From Red Flags to Rate Rises – Gareth Belsham’s Developers’ Survival Guide
Few industries are more reliant on sentiment than construction. Long timeframes and high upfront costs force developers to bet on future demand, and confidence is invariably a key factor in any investment decision.
So it’s ironic then, that developers – so well versed in reading the runes of the market when building their business case – can sometimes be unaware of changes in sentiment once construction is underway.
Clearly such lack of information can have disastrous results if a contractor goes bust halfway through a project.
Such a prospect may seem unthinkable during the tender process, when bidding contractors have their game faces on and everyone is excited about the challenge ahead. But the blunt truth is that construction has the second highest insolvency rate of any corporate sector. In the 12 months to the end of Q2 this year, more than 2,600 construction firms went to the wall.
While the rise in the Bank of England base rate has yet to significantly increase the cost of borrowing for contractor firms, those with debts will be placed under growing pressure in coming months.
It can be agreed therefore that developers’ due diligence of their supply chain shouldn’t end with the tender process. Clients need to remain alert to changes in their contractors’ performance, not just because of the immediate impact it can have on the project, but because such changes can be a warning of deeper problems below the surface.
But what to look out for? Here is a helpful list we put together of 10 red flags that can indicate a contractor is in financial trouble:
1) Have the main contractor’s direct employees not turned up for work or is there a decrease in labour on site?
2) Is building work slowing down substantially or have plant, equipment and materials “disappeared” from site?
3) Have subcontractors like electricians, carpenters and plasterers not been paid?
4) Is completed work increasingly defective or of a sub-standard quality?
5) Has the contractor attempted to negotiate further payments, release retentions or seek changes in payment patterns?
6) Did they make spurious or unjustified claims or contra-charges to hike up the contract cost?
7) Have they assigned, or attempted to assign, the proceeds of the building contract to a bank or other creditor?
8) Are they late filing accounts or annual returns at Companies House?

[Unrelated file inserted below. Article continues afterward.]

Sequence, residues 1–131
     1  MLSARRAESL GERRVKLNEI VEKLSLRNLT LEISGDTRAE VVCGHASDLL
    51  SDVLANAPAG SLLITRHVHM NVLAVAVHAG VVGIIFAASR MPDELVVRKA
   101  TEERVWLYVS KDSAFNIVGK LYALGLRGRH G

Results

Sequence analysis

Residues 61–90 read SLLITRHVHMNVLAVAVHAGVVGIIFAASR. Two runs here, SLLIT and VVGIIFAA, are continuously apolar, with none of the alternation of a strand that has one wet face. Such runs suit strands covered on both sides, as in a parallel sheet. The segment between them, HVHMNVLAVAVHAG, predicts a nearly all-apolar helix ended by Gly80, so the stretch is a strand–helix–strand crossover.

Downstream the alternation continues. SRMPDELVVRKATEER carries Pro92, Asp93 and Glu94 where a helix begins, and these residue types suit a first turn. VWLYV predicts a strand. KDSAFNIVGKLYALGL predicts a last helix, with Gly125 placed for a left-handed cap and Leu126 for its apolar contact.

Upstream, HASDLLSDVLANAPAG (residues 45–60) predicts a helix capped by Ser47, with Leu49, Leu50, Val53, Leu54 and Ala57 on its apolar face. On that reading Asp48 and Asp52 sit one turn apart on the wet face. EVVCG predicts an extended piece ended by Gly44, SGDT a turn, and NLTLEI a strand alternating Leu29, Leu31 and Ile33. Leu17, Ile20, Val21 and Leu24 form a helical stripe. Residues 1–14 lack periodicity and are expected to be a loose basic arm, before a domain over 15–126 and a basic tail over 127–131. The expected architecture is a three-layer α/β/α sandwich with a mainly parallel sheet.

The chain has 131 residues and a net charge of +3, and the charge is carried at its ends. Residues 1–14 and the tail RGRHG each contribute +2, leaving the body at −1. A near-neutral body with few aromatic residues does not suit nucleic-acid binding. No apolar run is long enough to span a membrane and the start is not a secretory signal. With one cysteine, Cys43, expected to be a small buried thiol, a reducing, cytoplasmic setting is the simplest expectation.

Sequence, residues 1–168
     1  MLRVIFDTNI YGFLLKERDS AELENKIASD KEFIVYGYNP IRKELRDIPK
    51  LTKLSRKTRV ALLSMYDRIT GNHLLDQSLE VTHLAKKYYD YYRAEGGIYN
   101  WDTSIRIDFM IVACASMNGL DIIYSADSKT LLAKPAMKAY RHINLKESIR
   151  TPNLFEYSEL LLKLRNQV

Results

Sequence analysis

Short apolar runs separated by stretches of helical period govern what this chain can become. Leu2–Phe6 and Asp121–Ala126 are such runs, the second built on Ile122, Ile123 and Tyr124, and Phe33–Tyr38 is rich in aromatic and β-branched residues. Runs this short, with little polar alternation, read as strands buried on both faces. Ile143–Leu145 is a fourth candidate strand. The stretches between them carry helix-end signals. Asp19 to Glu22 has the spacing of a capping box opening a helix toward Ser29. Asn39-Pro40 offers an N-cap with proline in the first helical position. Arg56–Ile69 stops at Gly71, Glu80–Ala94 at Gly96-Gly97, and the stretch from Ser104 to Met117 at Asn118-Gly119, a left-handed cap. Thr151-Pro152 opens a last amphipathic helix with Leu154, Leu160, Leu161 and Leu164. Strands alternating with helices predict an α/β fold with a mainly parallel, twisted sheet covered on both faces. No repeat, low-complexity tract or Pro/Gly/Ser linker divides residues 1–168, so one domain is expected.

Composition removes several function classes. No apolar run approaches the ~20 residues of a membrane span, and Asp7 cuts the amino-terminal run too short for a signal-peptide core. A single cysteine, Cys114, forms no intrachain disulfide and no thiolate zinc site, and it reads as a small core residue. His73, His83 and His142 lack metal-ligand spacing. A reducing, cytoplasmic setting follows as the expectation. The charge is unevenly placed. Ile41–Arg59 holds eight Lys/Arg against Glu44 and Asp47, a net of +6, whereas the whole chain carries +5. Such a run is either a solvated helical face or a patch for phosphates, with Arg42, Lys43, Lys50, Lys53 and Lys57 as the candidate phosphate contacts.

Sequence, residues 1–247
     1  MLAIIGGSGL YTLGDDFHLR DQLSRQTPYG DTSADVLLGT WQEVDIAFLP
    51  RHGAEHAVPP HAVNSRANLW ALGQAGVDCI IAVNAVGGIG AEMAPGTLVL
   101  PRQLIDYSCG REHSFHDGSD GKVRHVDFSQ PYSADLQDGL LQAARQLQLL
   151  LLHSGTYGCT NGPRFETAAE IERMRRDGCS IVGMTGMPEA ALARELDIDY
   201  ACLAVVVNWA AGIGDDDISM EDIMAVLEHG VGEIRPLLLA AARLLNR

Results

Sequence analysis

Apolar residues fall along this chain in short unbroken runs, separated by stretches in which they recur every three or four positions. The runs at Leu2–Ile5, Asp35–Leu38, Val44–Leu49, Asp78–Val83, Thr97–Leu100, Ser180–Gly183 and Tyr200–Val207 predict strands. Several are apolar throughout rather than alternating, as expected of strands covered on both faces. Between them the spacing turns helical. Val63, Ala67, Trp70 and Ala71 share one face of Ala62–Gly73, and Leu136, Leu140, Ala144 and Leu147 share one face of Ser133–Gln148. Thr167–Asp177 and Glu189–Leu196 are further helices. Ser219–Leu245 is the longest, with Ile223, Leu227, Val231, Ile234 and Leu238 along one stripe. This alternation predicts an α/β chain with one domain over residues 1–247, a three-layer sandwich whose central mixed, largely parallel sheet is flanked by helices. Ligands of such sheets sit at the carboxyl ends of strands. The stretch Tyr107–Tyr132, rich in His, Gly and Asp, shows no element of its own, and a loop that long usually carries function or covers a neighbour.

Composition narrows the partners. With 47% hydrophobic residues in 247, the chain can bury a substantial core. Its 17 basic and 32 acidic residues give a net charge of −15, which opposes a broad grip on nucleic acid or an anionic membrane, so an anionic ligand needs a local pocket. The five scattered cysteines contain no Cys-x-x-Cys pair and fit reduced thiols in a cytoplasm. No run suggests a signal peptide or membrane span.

9) Does the contractor have unsatisfied court judgments or is there anecdotal evidence about their financial position?
10) Has the contractor’s parent company, or other companies in the same group, displayed the warning signs listed above?
While some of these tell-tale signs will be immediately obvious on site, others will require the client to carry out some investigation into the contractor’s finances, and those of the guarantor (should it have one).
Whether this is done through background research, or by putting the contractor on the spot and asking some direct questions, it’s essential that any developer who suspects their contractor is in financial trouble acts fast.
Clearly the first thing to check is how much has been paid to the contractor so far, and if they have been overpaid. Developers should also conduct an audit to ensure all on-site plant, equipment and materials cannot be removed.
The initial contract should include a retention clause – a sum, typically 5% of the total cost, that the client need not pay to the contractor until the project’s certification. But it’s worth checking there’s also an abatement in place. This is the common law right to reduce the price or value of work if the work delivered is defective or incomplete.
If the worst happens and the lead contractor goes bust, the developer may need to make direct payments to subcontractors, suppliers or professional consultants, so it’s important to check what the legal implications of this might be.
It’s also prudent to check all insurance obligations have been met, as well as who has rights over designs. Developers should obtain copies of any design files or documents, including those from sub-contractors and consultants.
While litigation should be seen as a last resort, worried developers should immediately scrutinise all collateral warranties and seek legal advice on whether the contract can be terminated – and what the rights of third parties are in such an event.
Cynical as it might sound, if a contractor is in distress, the best way for a developer to limit their risk is “ABC” – assume nothing, believe nobody, and check everything.